Two of the latest buzzwords in the teaching profession are "character education" and "values". Many schools incorporate "values" into tutor time, assemblies and lesson plans.
But I believe that there is substance to these particular buzzwords, despite the recent news that Nicky Morgan's flagship character education scheme has been scrapped. Discussions around our personal values are useful. It is important that we encourage each and every one of our pupils to reflect on the type of person they would like to become.
However, this is not enough. We should be empowering pupils to embed values into their daily lives and we can only achieve this through providing them with regular opportunities to put those qualities into action.
Before we go any further it is important to emphasise that:
- Character education is not about "fixing" our young people.
- It is not about giving them pre-determined strategies on how to get along with their peers, teachers or family members.
- It is not about reinforcing accepted rules and teaching pupils right from wrong with the aim of improving their behaviour. Establishing sanctions and rewards systems can lead to temporary changes in behaviour, but the outcomes will not be sustainable.
Character education requires us to dig deeper and look at moral principles, ethos and virtues that underpin human behaviours. Dr Marvin Berkowitz (1997) claims that: “Effective character education is not adding a program or set of programs to a school. Rather it is a transformation of the culture and life of the school.”
How, then, can we nurture a culture that empowers our young pupils to behave with integrity and act upon their core values inside and outside of school walls? There are two key points to bear in mind.
Character education CPD
When we are dealing with a change in school culture, we are dealing with many different components that form educational communities: beliefs, values, climate, relationships, patterns of behaviour, written or unwritten rules, and, most importantly, ‘‘the way we do things’’.
As with any change in culture, it is vital that staff are given training to develop the necessary personal skills and time to get to grips with new approaches. They need the chance to gain a deeper understanding of the issues and processes relating to character education. This can be achieved through sustainable forms of CPD activities, such as coaching or action research projects, that enable the teachers to grow and change through reflection and collaboration.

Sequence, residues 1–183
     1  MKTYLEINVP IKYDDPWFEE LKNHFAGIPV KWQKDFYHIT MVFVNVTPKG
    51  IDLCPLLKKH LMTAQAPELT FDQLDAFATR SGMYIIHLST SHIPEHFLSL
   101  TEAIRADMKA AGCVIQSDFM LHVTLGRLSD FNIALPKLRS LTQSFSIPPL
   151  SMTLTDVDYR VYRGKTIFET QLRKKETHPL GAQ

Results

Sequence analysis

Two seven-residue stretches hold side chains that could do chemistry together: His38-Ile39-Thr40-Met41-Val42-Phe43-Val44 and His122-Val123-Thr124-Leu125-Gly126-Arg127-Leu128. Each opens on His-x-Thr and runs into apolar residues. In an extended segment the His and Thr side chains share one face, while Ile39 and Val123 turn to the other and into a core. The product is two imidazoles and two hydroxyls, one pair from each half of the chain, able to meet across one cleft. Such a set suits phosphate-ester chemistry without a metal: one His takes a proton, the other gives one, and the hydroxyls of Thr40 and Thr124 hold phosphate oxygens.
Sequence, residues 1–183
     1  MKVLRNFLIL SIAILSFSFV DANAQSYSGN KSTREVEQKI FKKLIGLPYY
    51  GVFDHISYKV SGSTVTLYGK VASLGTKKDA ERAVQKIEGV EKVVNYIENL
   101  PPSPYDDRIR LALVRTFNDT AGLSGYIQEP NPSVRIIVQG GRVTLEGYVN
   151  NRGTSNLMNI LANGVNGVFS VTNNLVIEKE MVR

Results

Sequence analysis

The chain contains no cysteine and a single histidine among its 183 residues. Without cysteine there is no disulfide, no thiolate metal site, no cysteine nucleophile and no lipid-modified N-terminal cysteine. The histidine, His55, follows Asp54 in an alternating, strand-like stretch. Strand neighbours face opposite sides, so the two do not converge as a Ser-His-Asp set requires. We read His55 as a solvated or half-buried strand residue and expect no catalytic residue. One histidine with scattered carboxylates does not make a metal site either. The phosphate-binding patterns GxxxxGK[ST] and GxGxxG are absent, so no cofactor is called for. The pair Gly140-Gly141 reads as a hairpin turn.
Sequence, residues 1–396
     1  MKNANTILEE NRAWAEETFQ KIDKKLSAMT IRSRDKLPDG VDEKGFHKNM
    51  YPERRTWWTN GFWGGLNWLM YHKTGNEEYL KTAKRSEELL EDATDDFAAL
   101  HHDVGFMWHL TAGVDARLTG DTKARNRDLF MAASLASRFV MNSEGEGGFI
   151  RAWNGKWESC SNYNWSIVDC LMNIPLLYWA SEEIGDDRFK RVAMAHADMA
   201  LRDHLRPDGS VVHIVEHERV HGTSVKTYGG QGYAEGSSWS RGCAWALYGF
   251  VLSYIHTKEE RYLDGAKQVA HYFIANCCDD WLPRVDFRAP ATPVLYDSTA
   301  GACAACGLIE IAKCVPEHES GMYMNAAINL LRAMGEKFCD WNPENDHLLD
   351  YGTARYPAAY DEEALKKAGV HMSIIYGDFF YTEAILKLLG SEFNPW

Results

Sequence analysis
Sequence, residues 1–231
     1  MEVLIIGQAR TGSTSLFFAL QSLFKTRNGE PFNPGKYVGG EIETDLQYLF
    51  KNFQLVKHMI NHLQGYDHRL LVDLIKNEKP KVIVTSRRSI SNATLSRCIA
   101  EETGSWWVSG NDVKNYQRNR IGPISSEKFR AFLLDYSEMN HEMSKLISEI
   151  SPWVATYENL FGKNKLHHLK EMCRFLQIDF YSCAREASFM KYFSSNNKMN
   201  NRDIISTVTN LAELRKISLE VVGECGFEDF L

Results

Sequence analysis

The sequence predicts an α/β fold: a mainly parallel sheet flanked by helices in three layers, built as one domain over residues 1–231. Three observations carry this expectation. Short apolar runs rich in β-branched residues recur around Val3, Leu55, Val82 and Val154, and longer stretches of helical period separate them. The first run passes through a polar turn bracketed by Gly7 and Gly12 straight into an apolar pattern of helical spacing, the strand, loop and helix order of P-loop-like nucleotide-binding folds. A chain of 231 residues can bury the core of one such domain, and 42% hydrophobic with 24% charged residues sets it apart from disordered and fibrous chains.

Embedding character education throughout the curriculum
PSHE lessons are an obvious place to teach the "softer" skills of character education and values. However, if we are hoping to effect a shift in whole-school culture, these lessons should not be the only platform we use to promote character education.
“Teachers are permanently involved in values education…sometimes…without even realising that they are teaching values…” write Kohlberg and Turiel (cited in Harecker, 2012). It is true that teachers are often delivering character education through other subjects in a less formal ways. We promote resilience and grit in PE lessons, empathy in RE, diversity and understanding in MFL.
It is essential that we not only take notice of these moments, drawing students’ attention towards them, but that we start to plan to for them and to work across departments to consistently promote character education. For example, through ensuring academic rigour, we can all promote discipline, academic honesty and hard work. It is vital that every single member of the school community accepts the shared responsibility for character education so that it becomes ‘‘part of the fabric of the community’’ (Gelpi, 2008).
Maria O’Neill is an advanced skills teacher, e-safety co-ordinator and head of PSHE. She is also a wellbeing coach, PhD student researching wellbeing and personal development, and founder of @HealthyToolkit and @UKPastoralChat
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